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United States v. Bruce

January 23, 2008

UNITED STATES OF AMERICA, PLAINTIFF,
v.
TERRENCE E. BRUCE, ALEXANDER M. KLEST, MARTIN W. MARTINO, ABBY D. KLEST, AND PAMELA A. MESSMAN, DEFENDANTS.



The opinion of the court was delivered by: Frederick J. Kapala, District Judge

MEMORANDUM OPINION AND ORDER

Defendants Terrence E. Bruce, Alexander M. Klest, Martin W. Martino, Abby D. Klest, and Pamela A. Messman, are charged by indictment with conspiracy to defraud by producing and using counterfeit access devices, specifically counterfeit Universal Product Code (UPC) stickers, in attempts to purchase retail products at less than full retail price in violation of 18 U.S.C. § 1029(a)(1) and 371. Before the court is Messman's Federal Rule of Criminal Procedure 12(b)(3)(B) motion to dismiss the indictment as insufficient to state an offense. Messman contends that a UPC sticker is not an "access device" as defined by 18 U.S.C. § 1029(e)(1). The other four defendants have joined in the motion which has been fully briefed. The court held a hearing on the motion and now grants the motion to dismiss the indictment.

I. FACTS

It is alleged in the indictment that defendants committed or caused to be committed the following overt acts in furtherance of the conspiracy:

(a) On or about October 20, 2006, at the Wal-Mart located at 3849 Northridge Drive, Rockford, Illinois, defendants attempted to purchase several Bernzomatic torches with a counterfeit Universal Price Code sticker that had a price less than the full retail value of that product.

(b) On or about March 19, 2007, at a Wal-Mart store located in Waukegan, Illinois, defendants attempted to purchase several chlorine pool products with a counterfeit Universal Price Code sticker that had a price less than the full retail value of that product.

Through proffer and presentation of the affidavits and other materials attached to the government's response to defendant's motion, the court has learned that UPC bar codes are used by virtually every large retailer utilizing a point-of-sale system where products being purchased are scanned at the register. A UPC bar code affixed to a retail product contains three pieces of information: the manufacturer's Uniform Commercial Code membership identification number, the product's identifier number, and a calculated check digit to ensure that the scanner reads the code correctly. The three numbers taken together constitute the Global Trade Item Number. The UPC bar code does not contain the name or description of the product, the price of the product, or any details about the product. The UPC bar code is meaningless unless it is linked to a store's product database. When a product is scanned, the product's identification number is compared to the product identification numbers in the store's product database and information such as manufacturer, product name, product description and price is used to complete the sale of the product.

In the case of Wal-Mart, each item's price is set by Wal-Mart's home office in Bentonville, Arkansas. A newly revised product database is uploaded from Wal-Mart's home office to every Wal-Mart store every evening at 6 p.m. Central Standard Time. While this upload is occurring, an inventory update is submitted from each Wal-Mart store to the home office indicating how many items of each product have been sold by the store and future shipments to each store are adjusted accordingly.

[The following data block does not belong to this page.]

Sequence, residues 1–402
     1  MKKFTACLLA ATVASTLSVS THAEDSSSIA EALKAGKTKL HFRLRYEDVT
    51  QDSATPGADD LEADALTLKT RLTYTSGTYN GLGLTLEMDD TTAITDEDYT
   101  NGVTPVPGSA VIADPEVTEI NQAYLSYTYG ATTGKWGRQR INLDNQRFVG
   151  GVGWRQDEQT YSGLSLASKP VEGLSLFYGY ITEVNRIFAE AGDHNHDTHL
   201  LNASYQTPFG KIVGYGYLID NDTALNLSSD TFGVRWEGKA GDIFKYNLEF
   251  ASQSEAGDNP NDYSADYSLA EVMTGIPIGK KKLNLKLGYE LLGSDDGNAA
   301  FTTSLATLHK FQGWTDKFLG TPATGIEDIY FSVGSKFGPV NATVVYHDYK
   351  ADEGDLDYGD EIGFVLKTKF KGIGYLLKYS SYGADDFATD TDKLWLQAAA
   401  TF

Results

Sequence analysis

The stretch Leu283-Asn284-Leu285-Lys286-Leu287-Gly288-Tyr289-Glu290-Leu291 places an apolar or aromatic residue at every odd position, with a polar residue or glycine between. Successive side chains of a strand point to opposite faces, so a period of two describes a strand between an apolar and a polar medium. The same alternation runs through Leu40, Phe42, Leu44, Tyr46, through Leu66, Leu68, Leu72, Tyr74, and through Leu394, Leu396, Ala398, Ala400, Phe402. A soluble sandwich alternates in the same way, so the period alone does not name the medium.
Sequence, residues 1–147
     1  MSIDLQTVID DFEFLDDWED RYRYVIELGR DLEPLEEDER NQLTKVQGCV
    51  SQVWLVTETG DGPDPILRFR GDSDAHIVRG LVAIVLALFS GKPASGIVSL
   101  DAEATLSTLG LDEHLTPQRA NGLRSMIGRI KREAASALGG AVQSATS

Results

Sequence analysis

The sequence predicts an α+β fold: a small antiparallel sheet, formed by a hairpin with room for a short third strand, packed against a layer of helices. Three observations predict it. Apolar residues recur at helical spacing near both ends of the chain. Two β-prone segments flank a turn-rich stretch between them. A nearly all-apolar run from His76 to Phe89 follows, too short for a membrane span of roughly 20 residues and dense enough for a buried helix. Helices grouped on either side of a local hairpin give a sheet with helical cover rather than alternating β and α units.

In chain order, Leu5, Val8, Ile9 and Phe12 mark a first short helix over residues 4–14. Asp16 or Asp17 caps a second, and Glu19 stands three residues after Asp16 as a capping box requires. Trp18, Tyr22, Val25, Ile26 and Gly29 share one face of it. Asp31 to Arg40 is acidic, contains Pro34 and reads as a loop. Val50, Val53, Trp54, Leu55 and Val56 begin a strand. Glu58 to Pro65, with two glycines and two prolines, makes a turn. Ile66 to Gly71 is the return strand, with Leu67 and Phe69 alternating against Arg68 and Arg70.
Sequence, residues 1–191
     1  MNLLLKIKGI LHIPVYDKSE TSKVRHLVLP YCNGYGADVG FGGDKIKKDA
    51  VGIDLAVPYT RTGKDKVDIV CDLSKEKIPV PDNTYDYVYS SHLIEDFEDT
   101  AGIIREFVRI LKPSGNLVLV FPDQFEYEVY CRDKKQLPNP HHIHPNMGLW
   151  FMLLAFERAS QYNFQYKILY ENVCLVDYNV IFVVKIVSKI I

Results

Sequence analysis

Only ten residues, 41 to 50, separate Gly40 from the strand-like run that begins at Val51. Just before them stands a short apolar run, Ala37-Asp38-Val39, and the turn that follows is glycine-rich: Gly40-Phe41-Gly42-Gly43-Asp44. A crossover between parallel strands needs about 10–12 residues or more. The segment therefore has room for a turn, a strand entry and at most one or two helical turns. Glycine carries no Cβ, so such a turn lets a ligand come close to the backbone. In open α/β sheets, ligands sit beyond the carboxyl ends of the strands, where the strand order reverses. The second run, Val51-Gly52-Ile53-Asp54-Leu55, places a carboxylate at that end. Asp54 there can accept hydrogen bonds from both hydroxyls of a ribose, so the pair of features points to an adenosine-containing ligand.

Affiant Christopher Ferguson, a Specialist in Point of Sale Store Strategies employed by Wal Mart Corporation in Bentonville, Arkansas, stated the following:

When a product's UPC barcode is scanned at a Point Of Sale (POS) register, it looks up the product's information on a product database at the store to determine the cost, retail sale amount, taxes, etc. After the product is purchased, the product's information is recorded as being sold in various systems across the country including Bentonville, Arkansas. Adjustments are made to multiple accounts based on the information that a physical product has left a store. For example, the amount of sales (i.e., income) is increased with regards to financial accounts, the amount of taxes is increased with regards to tax accounts, the quantity of the product is decreased with regards to inventory accounts, etc. Therefore, an incorrect barcode on a product would lead to incorrect adjustments being made to accounts (i.e., an out-of-balance). Affiant Rob Ash of Target Corporation made an almost identical statement in his affidavit regarding the effect of the use of an incorrect UPC bar code at a Target point-of-sale register. The government also attached documents showing that any alteration of the UPC bar codes on products for sale at Meijer stores from the originally intended UPC will upset the balance between the receiving, inventory, and replenishment systems resulting in accounts displaying stock loss.

II. ANALYSIS

The court begins its evaluation of defendants' motion to dismiss the indictment with an examination of the language of the relevant statutes. Section 1029(a)(1) provides:

(a) Whoever-(1) knowingly and with intent to defraud produces, uses, or traffics in one or more counterfeit access devices; . . . shall, if the offense affects interstate or foreign commerce, be ...


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